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What are FIV and FeLV?

FIV stands for Feline Immunodeficiency Virus. 

In infected cats, feline immunodeficiency virus (FIV) attacks the immune system, leaving the cat vulnerable to other infections. Although cats infected with FIV may appear normal for years, they eventually suffer from this immune deficiency, which allows normally harmless bacteria, viruses, protozoa, and fungi found in the everyday environment to potentially cause severe illnesses. The median survival time for a cat diagnosed with FIV is approximately five years but many live much longer.

 

Most cats with FIV don't experience any significant FIV-health-related issues once they are fixed and living inside. The virus can affect their immune systems and make them more susceptible to kitty colds, and they are also prone to having dental issues, but most live long, relatively healthy lives. They don't need any special care or medication, just an indoor lifestyle and regular check-ups with a veterinarian. The thinking has also changed on how easily the virus can be transmitted to other cats -- it's primarily transmitted by deep bite wounds, so it's now believed that non-aggressive FIV+ cats can safely live with non-FIV cats. (Regular indoor-kitty wrestling and rough-housing that doesn't result in bites that break the skin will not transmit the virus.)

 

FeLV stands for Feline Leukemia Virus.  Feline leukemia virus (FeLV) is one of the most common infectious diseases in cats, affecting between 2 and 3% of all cats in the United States. Infection rates are significantly higher (up to 30%) in cats that are ill or otherwise at high risk (see below).

 

Fortunately, the prevalence of FeLV in cats has decreased significantly in the past 25 years since the development of an effective vaccine and accurate testing procedures.

Cats persistently infected with FeLV serve as sources of infection for other cats. The virus is shed in saliva, nasal secretions, urine, feces, and milk of infected cats. Cat-to-cat transfer of the virus may occur from a bite wound, during mutual grooming, and (rarely) through the shared use of litter boxes and feeding dishes. Transmission can also take place from an infected mother cat to her kittens, either before they are born or while they are nursing.

 

FeLV does not survive long outside a cat's body – probably less than a few hours under normal household conditions.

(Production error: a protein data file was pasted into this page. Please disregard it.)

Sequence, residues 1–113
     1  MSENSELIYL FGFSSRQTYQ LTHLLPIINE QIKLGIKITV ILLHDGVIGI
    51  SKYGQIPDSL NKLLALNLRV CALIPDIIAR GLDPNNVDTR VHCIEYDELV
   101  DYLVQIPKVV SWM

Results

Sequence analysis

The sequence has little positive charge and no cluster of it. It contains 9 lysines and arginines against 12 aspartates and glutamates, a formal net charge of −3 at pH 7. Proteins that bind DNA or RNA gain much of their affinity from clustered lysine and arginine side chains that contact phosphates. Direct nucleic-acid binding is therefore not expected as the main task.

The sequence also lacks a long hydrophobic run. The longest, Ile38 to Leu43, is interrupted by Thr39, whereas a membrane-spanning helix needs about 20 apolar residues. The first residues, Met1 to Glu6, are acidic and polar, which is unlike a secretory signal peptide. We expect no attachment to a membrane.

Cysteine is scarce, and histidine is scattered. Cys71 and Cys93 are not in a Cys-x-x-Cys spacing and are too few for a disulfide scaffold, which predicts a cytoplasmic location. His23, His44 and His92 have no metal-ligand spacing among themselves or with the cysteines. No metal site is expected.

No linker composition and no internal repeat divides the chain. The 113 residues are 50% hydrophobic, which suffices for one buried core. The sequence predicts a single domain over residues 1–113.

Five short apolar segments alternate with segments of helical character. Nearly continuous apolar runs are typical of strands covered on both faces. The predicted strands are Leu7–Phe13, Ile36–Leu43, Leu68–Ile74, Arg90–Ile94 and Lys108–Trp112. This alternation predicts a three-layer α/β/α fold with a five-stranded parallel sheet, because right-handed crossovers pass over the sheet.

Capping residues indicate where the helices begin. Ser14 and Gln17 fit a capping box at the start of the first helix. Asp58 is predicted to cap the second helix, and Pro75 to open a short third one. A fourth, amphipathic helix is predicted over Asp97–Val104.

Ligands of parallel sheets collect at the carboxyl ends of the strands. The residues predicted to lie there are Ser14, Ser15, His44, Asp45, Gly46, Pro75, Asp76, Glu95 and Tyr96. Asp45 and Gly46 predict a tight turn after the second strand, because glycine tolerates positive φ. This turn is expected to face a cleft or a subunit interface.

Cats at greatest risk of FeLV infection are those that may be exposed to infected cats, either via prolonged close contact or through bite wounds. These include cats living with infected cats or with cats of unknown infection status, cats allowed outdoors unsupervised where they may be bitten by an infected cat, and kittens born to infected mothers.  Kittens are much more susceptible to FeLV infection than are adult cats, and therefore are at the greatest risk of infection if exposed. 

During the early stages of infection, it is common for cats to exhibit no signs of disease at all. Over time, however,  an infected cat's health may progressively deteriorate or he/she may experience repeating cycles of illness and relative health. Signs can include:

A relatively effective vaccine against FeLV is available, although it will not protect 100% of cats vaccinated, and it is not considered a core vaccine. Owners contemplating FeLV vaccination for their uninfected cats should consider the cats' risk of exposure to FeLV-infected cats and discuss the advantages and disadvantages of vaccination with a veterinarian. Since not all vaccinated cats will be protected by vaccination, preventing exposure remains important even for vaccinated pets. FeLV vaccines will not cause false positive FeLV results on ELISA, IFA, or any other available FeLV tests.


Although a diagnosis of FeLV can be emotionally devastating, it is important to realize that cats with FeLV can live normal lives for prolonged periods of time. While the median survival time for cats after FeLV is diagnosed is 2.5 years, cats with FeLV may also live for many years. They have no idea they're "sick" and are as happy and playful as any other cat until the signs manifest. They do succumb to issues secondary to the virus, but the good news is that they are generally happy and healthy until suddenly they aren't. They don't usually require any special care or medication, just lots of love. Because cats can transmit the virus through casual contact,  FeLV+ cats should be only cats, or live with other FeLV+ cats. The virus does not affect humans, dogs, or other animals.

Thank you to both Erin Harty and the Cornell College of Veterinary Medicine for the information provided on this page.